As I learned he has been whaling since 18 and was consequently crippled by the white whale when doing his job. This accident turned him mad, so cannot this madness be considered as an attempt to overcome his own strength? I think it depends on the point of view. Ahab, his illness made him a person with strong sense for life challenge, maybe too strong in case of this book he refers to himself – monomaniac – and the idea of revenge hidden under whaling business offers complex story with typical American action ending with drama that should educate all the people that man and nature will be eternal opponents and that one misfortune would not stop the others from trying to overcome our own possibilities. Unfortunately, in this case, case of Captain Ahab, the end was determined somewhere at the beginning, which could be assigned to unknown technologies for catching whales and in this case also wrong tactical approach towards the enemy. He hadn’t used his education till the end as properly as at the beginning (charts). And finally the opponent was really stronger than crippled captain Ahab.
To conclude Moby Dick is in my opinion story about challenge and attempts to overcome fate, even if the approach to these aims was badly planned and influenced by one typical human trait – restlessness, which is so typical for whole U. S. nation and humans generally. Furthermore, the story where nature annihilates mortal man should be used as an example that man should use more his knowledge (education, colleges that Ahab attended) than senses and strength.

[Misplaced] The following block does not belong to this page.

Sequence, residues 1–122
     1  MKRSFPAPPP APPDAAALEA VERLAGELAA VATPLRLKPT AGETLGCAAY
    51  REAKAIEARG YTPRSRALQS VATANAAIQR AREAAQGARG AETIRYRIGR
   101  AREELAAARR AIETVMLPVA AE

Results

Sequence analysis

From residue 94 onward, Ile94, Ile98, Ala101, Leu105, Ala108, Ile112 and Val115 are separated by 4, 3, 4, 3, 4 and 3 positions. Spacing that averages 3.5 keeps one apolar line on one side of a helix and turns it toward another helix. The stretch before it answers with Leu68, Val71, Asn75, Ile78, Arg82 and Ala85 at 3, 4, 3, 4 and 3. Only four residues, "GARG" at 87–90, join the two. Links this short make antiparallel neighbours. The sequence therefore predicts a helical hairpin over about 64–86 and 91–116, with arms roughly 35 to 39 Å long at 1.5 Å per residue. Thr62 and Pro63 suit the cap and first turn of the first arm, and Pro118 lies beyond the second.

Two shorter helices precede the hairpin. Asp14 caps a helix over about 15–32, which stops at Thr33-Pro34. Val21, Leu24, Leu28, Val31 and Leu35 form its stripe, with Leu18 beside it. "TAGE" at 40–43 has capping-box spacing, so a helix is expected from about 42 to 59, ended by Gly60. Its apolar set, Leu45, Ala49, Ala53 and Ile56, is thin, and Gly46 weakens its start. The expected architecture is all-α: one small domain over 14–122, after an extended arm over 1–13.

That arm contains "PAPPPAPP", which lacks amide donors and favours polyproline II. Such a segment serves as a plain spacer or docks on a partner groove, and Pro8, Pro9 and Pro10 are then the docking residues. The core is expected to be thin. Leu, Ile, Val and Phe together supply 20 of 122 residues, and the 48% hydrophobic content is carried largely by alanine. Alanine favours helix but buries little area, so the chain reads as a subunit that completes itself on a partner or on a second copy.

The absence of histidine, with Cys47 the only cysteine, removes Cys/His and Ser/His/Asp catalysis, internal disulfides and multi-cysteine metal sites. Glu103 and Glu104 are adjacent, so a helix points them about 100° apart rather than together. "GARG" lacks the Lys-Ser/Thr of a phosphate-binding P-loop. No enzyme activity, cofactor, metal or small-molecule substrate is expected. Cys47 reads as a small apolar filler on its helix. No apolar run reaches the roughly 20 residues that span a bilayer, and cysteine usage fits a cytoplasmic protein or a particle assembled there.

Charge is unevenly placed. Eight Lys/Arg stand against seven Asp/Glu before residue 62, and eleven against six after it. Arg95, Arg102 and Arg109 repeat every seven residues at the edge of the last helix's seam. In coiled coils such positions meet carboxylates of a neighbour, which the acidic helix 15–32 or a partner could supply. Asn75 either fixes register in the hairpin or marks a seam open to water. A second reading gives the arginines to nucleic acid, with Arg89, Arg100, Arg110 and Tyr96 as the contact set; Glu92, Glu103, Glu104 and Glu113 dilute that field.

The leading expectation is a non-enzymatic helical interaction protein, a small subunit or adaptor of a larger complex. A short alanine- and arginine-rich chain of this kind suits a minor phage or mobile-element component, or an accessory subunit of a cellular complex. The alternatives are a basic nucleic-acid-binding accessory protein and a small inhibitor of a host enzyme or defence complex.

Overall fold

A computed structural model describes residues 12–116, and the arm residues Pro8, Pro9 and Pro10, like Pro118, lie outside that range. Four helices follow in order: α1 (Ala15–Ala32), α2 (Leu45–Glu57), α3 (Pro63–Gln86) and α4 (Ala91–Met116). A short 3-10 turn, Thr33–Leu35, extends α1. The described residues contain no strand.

By adopting the name Ishmael, the author adopts the fictional posture of an outcast son -- which in real life he was. He grew up in a wealthy family and become poor when his father went insane and died; -- at sea, having seen the seamy side of life as a merchant seaman, as a common sailor on a whaleship, and as a deserter who lived among cannibals in the South Pacific; -- and back on shore as a struggling writer of fiction. So M. D. is mostly his own story.
Herman Melville was a very learned, but much tormented man who wrote this novel to express some of his gloomy, erudite meditations about life. Melville works with the question of the fate versus free will and the M.D. is a story of the Voyage of the Soul.
Melville writes around 1850, after Nantucket's Great Fire of 1846, which completely wiped out the commercial section of town and warehouses full of whale oil, and severely damaged the wharves. The city recovered quite quickly but the whaling business was never recovered again. Remained only his and similar stories. In creating Moby Dick Melville used one true and documented case, known to Melville, was the sinking of the whaleship Essex of Nantucket, Captain George Pollard, Jr., by a Sperm Whale in the Pacific in 1820. Otherwise he used his life experience from merchant ships where he served.